This article was originally published on December 22, 2017
by Alan Arvello
Reactions. My favorite thing to observe about the Christmas story in the Bible is the reactions that the various characters had regarding the coming of Christ. From the initial dismay of Mary and Joseph to the thankfulness of Anna, there can be seen a wide range. Jerusalem was troubled. Herod was jealous. Bethlehem was unconcerned. The angels and shepherds rejoiced. I think most of these reactions are understandable, predictable even. It’s the wise men from the east that often give me the most reason to pause.
I’ll let the cat out of the bag – the purpose of this editorial is to influence the reader to consider his own reaction to the birth of Christ. With whom do you identify most in the nativity cast of characters in the famous second chapters of Matthew and Luke?
Consider the wise men. According to the classic joke, us Southerners know they are supposed to be wearing firemen helmets in manger scenes because they “came from aFAR” (in case you didn’t get it, the southern pronunciation for fire is “FAR”). Really, they did come a long way to see Jesus. Long enough that Joseph’s new little family was already living in a house by the time they arrived to give their gifts. This thought of their journey brings me to the one word that sums up their reaction – sacrifice.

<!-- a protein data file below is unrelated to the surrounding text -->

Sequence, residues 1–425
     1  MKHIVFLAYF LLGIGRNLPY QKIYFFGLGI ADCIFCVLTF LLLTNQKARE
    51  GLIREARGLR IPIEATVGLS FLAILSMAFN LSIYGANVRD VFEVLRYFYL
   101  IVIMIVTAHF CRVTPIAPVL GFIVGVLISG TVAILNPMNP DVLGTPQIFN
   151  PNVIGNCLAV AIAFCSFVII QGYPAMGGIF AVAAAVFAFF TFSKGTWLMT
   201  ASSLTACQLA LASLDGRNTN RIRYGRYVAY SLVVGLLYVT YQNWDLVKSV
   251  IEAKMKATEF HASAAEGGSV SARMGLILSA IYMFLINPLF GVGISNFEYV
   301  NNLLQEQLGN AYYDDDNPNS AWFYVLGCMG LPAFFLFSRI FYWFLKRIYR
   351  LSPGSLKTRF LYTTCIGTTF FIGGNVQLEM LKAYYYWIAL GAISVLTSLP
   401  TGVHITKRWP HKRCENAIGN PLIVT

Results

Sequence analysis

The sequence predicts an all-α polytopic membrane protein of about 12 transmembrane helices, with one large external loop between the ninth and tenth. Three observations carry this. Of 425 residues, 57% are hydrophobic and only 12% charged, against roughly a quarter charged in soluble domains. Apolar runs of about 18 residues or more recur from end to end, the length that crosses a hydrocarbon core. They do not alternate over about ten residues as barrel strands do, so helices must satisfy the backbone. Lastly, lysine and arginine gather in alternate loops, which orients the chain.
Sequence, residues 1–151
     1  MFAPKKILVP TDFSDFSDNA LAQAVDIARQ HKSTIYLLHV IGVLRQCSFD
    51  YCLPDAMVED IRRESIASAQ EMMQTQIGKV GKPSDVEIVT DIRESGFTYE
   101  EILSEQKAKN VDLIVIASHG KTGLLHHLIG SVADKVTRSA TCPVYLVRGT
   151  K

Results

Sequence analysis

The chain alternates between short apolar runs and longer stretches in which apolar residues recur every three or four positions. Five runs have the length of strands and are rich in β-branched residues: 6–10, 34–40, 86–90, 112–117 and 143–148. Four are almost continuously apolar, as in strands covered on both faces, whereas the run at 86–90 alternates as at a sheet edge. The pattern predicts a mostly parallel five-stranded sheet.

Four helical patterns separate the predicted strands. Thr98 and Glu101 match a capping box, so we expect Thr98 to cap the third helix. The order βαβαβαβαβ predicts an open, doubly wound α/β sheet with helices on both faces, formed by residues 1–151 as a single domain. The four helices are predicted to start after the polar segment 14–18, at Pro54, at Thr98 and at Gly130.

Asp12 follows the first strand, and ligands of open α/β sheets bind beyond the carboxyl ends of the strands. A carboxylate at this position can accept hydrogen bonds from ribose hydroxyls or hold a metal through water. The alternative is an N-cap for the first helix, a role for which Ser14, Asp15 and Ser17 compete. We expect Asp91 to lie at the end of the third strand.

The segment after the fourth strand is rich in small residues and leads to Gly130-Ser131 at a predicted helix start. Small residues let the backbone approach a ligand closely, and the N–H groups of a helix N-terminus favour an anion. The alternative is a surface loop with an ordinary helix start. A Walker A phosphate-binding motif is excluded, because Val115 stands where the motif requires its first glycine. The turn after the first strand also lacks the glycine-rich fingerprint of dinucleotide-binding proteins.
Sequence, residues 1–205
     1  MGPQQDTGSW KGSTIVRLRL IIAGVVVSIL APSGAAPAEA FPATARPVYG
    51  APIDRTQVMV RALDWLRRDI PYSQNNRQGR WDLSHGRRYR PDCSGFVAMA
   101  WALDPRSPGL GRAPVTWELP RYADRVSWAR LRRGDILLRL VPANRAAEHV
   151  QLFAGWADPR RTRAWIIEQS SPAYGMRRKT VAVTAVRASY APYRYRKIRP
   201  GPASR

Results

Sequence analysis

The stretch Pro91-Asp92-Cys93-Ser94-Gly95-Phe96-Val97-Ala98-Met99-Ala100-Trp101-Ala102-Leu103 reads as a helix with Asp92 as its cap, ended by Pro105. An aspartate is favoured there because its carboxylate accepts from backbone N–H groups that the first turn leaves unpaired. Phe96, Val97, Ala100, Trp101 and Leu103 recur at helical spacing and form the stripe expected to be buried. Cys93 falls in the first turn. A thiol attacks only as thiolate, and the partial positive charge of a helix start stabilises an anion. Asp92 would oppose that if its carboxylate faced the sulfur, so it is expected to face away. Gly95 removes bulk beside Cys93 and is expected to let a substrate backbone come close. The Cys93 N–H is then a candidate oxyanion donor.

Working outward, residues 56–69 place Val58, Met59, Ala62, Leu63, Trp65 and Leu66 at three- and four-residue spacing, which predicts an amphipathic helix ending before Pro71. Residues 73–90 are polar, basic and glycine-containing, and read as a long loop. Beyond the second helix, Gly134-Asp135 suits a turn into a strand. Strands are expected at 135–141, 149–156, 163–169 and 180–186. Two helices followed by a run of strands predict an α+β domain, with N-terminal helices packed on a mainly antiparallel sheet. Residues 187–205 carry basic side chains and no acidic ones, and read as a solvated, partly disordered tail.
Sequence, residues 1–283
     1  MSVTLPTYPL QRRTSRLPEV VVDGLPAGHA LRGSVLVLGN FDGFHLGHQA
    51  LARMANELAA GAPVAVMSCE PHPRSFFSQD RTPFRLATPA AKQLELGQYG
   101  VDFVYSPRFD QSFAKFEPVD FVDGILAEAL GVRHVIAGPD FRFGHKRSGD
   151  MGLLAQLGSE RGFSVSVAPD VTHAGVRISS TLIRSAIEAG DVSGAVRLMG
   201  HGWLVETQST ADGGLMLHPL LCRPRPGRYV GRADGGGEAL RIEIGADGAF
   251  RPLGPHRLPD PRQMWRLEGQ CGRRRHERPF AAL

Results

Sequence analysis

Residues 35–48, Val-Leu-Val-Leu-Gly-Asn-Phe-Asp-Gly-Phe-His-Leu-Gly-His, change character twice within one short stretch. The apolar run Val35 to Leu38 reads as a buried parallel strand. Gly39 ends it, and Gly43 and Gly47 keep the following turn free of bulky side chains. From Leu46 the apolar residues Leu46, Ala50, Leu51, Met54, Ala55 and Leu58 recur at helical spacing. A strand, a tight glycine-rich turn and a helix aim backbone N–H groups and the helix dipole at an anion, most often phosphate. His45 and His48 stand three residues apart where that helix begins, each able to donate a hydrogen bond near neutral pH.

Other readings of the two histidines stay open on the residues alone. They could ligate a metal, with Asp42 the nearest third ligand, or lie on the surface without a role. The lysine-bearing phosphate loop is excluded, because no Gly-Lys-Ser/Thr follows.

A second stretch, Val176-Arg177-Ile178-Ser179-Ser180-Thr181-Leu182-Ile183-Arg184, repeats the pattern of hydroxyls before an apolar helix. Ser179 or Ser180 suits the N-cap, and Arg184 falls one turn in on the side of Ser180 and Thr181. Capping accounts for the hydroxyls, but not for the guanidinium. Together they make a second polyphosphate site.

There’s no evidence that the wise men’s endeavor was subsidized. Herod didn’t meet with them as if they were official representatives of another nation, but rather individuals looking for a newborn King. They invested their own study, time, finances, and effort into meeting Jesus. Indeed, they put their lives on the line to see Him – cross country journeys were dangerous, and Herod was a kind-of Al Capone of his day.
It humbles me to think that these fellows gave so much just to spend a relatively short time with a complete stranger. But this was not just any stranger, and they knew that. He was the King of the Jews, Christ, worthy of worship, treasures, and gifts.
My aspiration is to be like these wise men, to be willing to sacrifice for the very same Jesus for whom they sacrificed. Even Jesus followed their lead, as He grew up to give the same sacrifices for us: His time, effort, and His very life. If the Man Jesus could learn something from the wise men, maybe we can too. First of all, each one of us should individually accept the sacrifice of Christ for the remission of sins; but secondly, we should sacrifice ourselves to our Christ and King, just as the wise men of two millennia ago.